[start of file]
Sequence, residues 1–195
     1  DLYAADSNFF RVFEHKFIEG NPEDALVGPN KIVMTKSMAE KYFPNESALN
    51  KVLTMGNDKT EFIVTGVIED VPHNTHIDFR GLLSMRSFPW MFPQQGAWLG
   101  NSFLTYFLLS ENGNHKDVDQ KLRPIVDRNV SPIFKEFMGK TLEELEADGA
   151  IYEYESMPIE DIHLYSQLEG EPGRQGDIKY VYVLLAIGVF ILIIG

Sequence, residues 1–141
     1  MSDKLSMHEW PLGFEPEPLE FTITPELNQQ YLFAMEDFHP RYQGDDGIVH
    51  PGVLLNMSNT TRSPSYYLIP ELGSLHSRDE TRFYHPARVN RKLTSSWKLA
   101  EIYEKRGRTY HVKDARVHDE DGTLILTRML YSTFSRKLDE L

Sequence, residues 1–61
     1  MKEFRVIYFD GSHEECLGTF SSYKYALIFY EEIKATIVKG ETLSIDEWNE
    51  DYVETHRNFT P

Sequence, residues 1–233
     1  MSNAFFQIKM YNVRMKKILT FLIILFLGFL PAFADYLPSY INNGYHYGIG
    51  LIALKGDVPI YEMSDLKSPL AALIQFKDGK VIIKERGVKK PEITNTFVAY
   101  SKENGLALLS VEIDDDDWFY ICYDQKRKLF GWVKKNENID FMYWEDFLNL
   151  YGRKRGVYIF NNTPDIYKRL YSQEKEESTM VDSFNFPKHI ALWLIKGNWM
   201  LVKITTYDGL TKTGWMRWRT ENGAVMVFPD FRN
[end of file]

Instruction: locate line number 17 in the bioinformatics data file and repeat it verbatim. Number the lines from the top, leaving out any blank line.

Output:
   151  YGRKRGVYIF NNTPDIYKRL YSQEKEESTM VDSFNFPKHI ALWLIKGNWM